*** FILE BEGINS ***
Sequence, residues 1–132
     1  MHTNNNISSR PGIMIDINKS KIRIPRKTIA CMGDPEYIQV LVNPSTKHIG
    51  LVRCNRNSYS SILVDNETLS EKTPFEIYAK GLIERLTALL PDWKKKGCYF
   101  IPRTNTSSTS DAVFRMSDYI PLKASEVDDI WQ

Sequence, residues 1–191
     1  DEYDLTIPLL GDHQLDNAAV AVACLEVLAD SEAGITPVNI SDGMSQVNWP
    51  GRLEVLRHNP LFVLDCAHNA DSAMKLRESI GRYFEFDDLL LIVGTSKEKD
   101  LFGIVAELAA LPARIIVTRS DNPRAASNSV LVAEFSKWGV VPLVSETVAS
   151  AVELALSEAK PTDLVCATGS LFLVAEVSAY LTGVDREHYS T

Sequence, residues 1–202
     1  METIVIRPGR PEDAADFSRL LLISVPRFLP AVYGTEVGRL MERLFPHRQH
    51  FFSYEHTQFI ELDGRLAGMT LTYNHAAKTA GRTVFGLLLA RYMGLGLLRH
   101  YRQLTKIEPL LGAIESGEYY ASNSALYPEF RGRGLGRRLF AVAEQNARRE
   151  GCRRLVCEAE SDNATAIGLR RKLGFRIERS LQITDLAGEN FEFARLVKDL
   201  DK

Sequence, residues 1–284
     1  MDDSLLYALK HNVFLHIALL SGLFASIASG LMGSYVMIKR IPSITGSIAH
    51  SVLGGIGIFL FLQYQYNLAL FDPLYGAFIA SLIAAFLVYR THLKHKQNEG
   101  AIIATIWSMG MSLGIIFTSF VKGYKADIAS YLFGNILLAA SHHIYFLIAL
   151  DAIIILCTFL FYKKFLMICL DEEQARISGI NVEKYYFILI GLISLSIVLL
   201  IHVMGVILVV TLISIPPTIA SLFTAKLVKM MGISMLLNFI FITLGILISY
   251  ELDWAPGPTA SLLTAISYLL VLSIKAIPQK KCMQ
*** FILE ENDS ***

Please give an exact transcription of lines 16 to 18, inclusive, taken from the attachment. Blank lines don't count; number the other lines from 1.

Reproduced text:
Sequence, residues 1–284
     1  MDDSLLYALK HNVFLHIALL SGLFASIASG LMGSYVMIKR IPSITGSIAH
    51  SVLGGIGIFL FLQYQYNLAL FDPLYGAFIA SLIAAFLVYR THLKHKQNEG